Given that I’m a freelancer and do several things to earn my money, and that there is no consistency in my income flow, I need to do a lot of “networking”. Essentially, this is about generally catching up with someone over an informal chat, discussing what we do, and exploring if there were any synergies to exploit. I think this is great option value, for meeting people and getting their perspectives makes you think different, and that can give you ideas which you can potentially make money out of at a later point in time.
The point of this post about the venues for such networking meetings. I don’t have an office – I work from home, and my home office is not particularly suited for meetings, so I prefer to do my meetings outside. Sometimes, when the person I’m meeting has an office, we end up doing the meeting there. I’ll leave out those meetings from this discussion, since there is nothing really to be described about the venue. Most other occasions, though, meetings happen over food and drink, more likely the latter. This post is about good and bad places for networking meetings.
Most of my “networking meetings” so far have happened at the trusty old Cafe Coffee Day. The city is littered with several of these outlets, and for the price of two cappuccinos, they offer excellent place to sit and talk for hours together. The problem, though, is that they have now (for a couple of years or so) gone pre-paid. You need to order at the counter before you settle down at a table, and each time you want something more you need to go up and order again. There are two problems this poses.
Firstly, if you reach before the other person (chances of both reaching at the same instant are infinitesimal), you will need to wait. And in the time when you’re occupying a table and haven’t ordered you have to deal with strange glares from the cafe staff. You need to keep telling them “I’m waiting for a friend”. The next problem is with payment dynamics. It is so much easier to split the bill when you’re paying at the table. It gets complicated when you’re paying at the counter, with the effect that more often than not one of you will end up paying for both of you. That’s not exactly a problem, but starting a meeting with discussions on who will pay is not exactly the best way to go.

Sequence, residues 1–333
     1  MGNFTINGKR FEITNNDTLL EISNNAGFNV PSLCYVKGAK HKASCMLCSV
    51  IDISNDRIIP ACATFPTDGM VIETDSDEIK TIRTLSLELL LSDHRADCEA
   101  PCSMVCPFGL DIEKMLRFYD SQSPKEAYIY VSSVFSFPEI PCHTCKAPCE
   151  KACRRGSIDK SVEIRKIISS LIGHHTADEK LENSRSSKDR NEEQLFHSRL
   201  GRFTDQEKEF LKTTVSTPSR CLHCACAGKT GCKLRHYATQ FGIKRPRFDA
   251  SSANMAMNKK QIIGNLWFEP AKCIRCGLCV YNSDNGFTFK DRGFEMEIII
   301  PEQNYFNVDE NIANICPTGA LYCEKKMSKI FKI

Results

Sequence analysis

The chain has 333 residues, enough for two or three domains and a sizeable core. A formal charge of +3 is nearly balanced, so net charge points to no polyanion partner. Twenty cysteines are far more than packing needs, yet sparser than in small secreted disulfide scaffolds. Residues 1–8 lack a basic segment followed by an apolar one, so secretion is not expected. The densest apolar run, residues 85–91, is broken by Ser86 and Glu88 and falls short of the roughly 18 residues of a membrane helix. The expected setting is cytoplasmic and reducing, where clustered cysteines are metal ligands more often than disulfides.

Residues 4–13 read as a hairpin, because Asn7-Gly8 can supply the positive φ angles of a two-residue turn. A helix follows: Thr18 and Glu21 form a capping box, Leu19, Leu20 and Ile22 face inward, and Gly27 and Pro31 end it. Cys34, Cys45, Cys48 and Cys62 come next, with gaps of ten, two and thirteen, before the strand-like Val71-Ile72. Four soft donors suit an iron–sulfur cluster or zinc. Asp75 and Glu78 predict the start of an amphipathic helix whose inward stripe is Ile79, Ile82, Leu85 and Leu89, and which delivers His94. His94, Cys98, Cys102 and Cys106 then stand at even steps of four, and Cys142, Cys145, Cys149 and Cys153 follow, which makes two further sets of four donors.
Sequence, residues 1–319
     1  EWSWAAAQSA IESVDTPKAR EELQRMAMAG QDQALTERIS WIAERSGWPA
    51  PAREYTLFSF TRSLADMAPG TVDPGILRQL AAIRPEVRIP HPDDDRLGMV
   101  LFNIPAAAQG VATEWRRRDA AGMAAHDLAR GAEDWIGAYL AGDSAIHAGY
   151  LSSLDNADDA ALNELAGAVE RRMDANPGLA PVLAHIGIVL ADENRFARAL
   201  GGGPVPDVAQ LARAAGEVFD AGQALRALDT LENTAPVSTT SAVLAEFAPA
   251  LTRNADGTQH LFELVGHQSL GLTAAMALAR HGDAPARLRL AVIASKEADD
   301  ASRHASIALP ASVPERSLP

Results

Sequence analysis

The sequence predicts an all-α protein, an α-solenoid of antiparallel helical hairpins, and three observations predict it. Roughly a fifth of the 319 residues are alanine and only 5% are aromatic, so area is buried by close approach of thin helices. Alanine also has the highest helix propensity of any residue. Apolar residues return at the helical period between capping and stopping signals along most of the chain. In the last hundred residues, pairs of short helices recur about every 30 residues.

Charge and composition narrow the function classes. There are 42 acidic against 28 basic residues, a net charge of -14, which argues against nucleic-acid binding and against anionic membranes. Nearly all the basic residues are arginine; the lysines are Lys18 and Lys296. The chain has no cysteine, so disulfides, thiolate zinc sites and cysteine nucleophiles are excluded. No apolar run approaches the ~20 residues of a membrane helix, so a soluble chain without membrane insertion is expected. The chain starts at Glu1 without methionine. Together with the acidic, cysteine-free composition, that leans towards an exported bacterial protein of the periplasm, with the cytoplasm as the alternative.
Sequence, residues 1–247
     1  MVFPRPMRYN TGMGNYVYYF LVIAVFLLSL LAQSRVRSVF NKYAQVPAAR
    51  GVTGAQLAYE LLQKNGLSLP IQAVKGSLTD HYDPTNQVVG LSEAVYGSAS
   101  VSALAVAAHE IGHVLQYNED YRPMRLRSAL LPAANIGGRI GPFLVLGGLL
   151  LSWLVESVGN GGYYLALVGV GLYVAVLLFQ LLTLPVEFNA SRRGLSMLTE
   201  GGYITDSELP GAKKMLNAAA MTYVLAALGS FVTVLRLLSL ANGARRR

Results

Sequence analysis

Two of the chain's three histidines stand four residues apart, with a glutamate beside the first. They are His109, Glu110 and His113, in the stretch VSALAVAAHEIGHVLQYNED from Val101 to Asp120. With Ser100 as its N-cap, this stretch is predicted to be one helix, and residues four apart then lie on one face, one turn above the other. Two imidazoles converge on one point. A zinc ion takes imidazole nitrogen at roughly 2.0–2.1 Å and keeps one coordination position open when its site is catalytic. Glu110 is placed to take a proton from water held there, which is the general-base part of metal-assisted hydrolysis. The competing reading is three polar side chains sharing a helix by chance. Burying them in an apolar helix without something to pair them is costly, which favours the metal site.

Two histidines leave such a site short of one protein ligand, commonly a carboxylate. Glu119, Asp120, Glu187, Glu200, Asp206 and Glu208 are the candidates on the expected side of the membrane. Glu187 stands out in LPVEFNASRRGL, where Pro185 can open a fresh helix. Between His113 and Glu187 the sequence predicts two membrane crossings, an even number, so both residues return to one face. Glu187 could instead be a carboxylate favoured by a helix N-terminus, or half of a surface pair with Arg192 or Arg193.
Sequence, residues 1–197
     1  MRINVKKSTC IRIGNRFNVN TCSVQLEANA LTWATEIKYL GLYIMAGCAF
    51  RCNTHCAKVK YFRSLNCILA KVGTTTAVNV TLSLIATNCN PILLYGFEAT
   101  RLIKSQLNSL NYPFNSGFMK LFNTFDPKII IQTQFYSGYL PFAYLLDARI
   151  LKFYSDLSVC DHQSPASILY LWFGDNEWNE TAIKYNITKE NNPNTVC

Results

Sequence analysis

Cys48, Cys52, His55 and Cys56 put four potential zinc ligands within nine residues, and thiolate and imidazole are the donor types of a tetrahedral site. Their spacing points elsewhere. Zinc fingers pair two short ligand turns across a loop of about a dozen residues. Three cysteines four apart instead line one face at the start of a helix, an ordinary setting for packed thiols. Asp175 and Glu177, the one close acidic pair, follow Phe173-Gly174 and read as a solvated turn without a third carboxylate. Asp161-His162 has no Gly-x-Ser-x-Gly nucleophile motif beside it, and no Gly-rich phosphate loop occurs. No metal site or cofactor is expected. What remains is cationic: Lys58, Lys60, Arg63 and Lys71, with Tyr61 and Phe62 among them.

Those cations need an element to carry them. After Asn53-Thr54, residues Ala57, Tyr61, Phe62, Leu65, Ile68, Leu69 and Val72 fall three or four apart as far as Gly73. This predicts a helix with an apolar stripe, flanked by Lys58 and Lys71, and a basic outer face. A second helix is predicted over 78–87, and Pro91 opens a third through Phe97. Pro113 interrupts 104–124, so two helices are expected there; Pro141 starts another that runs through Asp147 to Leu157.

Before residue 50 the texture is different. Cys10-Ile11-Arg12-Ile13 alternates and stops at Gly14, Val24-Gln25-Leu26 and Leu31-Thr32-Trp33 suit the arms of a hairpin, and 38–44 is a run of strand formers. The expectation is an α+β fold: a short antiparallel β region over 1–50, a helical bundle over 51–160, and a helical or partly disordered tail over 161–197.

My initial meetings with the person who has turned out to be my biggest client so far happened in the coffee shop of a five star hotel. I must mention here that in most five star hotels in Bangalore, you get remarkably good filter coffee nowadays. Coffee shops of five star hotels are good places for these meetings, for they are usually quiet and you are served at your desk. They come at a cost, however – though you might argue that paying two hundred rupees for filter coffee at Vivanta is not so much more than paying a hundred rupees for a cappuccino at Cafe Coffee Day.
Breakfast at a five star hotel, however, isn’t that great for networking. Recently, I did a breakfast meeting at a five star hotel. As you might expect, we had the buffet. However, the problem with doing a meeting over a breakfast buffet in a five star hotel is that you simply can’t do justice to the spread! You can’t keep going for refills, and you would want to stick to things you can eat without creating much of a mess. And when you’re doing a professional meeting you don’t want to be eating too much also.
Then there are South Indian restaurants. I’ve done some meetings in those, also. The problem, however, is that such restaurants rely on quick table turnover and even if you go in off-peak times you get strange looks if you stay too long. This has to be mitigated with staggered orders through the course of your meeting. The advantage is that these places are cheap and the food is great.
I don’t usually do networking meetings over drinks. It has nothing to do with my capacity – it is just that most pubs are loud and not particularly conducive for conversation. And you don’t want to be screaming at the top of your voice in a professional meeting. That doesn’t mean I haven’t done meetings in pubs, though, but it’s usually after a certain degree of familiarity has been established.
Finally let us come to the lunch meetings. Here, it is important that you choose a cuisine that is high density. Again you don’t want to spend too much time eating, so you should prefer food that you can eat little of but will still fill you up. Also, you need to choose a cuisine that’s not messy. On both counts, North Indian is NOT ideal – it’s not very high density, and you need to eat with your hands which can become messy and that’s not something you want at a meeting. A further problem is that North Indian food in most restaurants comes in shared portions – and when you’re meeting someone professionally it can get a little uncomfortable.
These problems are there in East Asian also. South Indian restaurants (in Bangalore) are mostly quick service and thus not great for networking lunches (and south indian food is low density). So the ideal choice in this case is European – portions are small, the food is filling, you can eat it all with a knife and fork and it comes in individual portions.
I’ll put more fundaes on this matter as I get more experienced in the matter of networking eatings. I’m off now – need to rush to a lunch meeting!